Historically, this is also cool for a couple reasons. One, some of these songs had yet to be recorded on a studio album, such as “6 Strings 9 Lives” and “You Keep Me Rockin'”, which would turn up on the next album.  As mentioned in the above Record Store Tale Part 177, one tune was never released on a studio album at all. That is Brent Doerner’s “Hot On The Heels Of Love”, sung by Brent (don’t forget he also sang “Billy Oxygen”, one of Helix’ first hits from the debut album). It is a gritty fast rocker, with a memorably galvanic riff.

There are some other live offerings out there by Helix, such as Half-Alive and the promo-only Live At The Marquee, but this one blows them all away even though it was just for a radio broadcast. One of my favourite live albums, and one of my favourite Helix CDs.

5/5 R’s!

NEXT TIME ON RECORD STORE TALES:

Part 178:  Some really kooky movie makers…

Part 2: Gimme an R!

RECORD STORE TALES Part 2:  Gimme an R!

When I was growing up in Kitchener, you had only a few choices of who it was OK to listen to. In 1984, your status depended on your listening choices.

Quiet Riot and Twisted Sister were both “finished” by that point, if you liked them you were not cool anymore. Kiss were kind of cool, but only if you only liked their newest album. The stuff with makeup was “lame” and “old fashioned”.  Van Halen were passé by the time David Lee Roth did “California Girls”.  Judas Priest was OK, but the singer had short hair. And Ozzy?  He scared us.  Even then we couldn’t understand a word he said, plus he looked like a monster on his records.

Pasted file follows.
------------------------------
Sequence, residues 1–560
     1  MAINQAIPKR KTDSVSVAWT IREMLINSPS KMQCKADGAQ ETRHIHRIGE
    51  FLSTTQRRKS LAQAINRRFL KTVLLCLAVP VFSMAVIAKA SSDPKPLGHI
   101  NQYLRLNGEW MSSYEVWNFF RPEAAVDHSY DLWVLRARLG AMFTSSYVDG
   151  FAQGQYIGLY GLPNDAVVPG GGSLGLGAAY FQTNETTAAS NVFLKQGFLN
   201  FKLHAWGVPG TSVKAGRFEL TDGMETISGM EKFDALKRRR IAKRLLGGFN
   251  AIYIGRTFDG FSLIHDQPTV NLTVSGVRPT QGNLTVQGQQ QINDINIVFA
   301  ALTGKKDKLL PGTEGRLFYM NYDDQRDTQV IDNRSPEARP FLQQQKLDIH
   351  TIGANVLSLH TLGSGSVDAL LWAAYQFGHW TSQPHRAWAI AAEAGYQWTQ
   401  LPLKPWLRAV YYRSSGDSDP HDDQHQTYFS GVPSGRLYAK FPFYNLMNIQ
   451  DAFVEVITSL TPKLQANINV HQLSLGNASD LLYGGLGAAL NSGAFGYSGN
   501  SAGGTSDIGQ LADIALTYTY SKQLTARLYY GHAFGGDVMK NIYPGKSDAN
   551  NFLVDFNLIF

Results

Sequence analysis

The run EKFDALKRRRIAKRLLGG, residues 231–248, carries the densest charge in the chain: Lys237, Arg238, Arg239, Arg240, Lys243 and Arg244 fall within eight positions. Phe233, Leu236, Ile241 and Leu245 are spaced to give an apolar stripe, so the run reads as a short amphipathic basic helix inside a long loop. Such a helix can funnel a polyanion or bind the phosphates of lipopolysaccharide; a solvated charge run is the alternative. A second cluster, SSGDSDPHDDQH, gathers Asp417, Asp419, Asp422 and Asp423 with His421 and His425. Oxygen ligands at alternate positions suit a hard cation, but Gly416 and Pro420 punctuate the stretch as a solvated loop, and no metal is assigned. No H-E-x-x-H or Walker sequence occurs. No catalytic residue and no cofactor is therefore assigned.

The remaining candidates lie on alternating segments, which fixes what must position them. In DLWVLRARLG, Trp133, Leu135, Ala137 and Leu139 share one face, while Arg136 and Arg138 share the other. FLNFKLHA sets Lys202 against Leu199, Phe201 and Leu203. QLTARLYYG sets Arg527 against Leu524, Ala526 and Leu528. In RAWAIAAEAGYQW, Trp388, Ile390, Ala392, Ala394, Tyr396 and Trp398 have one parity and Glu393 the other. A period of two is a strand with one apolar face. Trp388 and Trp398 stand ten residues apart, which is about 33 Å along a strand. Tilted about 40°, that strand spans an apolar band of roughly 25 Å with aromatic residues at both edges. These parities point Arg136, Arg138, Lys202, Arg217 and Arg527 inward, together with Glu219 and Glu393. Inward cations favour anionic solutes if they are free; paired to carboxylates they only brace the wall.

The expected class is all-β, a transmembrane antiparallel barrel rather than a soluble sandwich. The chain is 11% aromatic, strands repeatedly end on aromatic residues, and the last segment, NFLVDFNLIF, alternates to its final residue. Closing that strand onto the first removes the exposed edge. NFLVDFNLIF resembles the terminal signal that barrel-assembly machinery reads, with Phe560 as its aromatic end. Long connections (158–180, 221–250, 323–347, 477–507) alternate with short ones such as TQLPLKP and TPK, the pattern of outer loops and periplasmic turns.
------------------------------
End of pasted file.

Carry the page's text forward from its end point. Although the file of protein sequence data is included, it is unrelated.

Your only real choices were: Iron Maiden, W.A.S.P., or Helix.

And no matter who you were into primarily, everybody liked Helix. Why? Well, mainly because Brian Vollmer lived on Breckenridge Drive. I could probably see his place from my parents’ bedroom window.

Fritz (Helix) and LeBrain

Fritz (Helix) and LeBrain

All the kids who lived on Breckenridge, like Ian Johnson, would always tell stories about Brian, who lived three doors down. Brian’s got a cool car, he’d say. Brian got a Christmas card from W.A.S.P., and it was so fucked up…something about “Slashing through the toes, in a one horse open slay…” But then again, Ian Johnson also told us he knew George Lucas and he a squad of ninjas who had a secret base in his basement.

Ian Johnson did not have a basement.

So, Helix were the band you had to like. But the stories of Brian Vollmer and his bandmates were considered heresay at best. I had never actually seen Brian in the flesh. He was considered a legend, a myth, like Loch Ness or Sasquatch. Ian, after all, couldn’t be trusted.

Well, fast forward two decades, and now Helix is now a rock institution. They keep truckin on, with new members and new records, but Brian Vollmer is still at the helm, proudly still asking us to give him an R.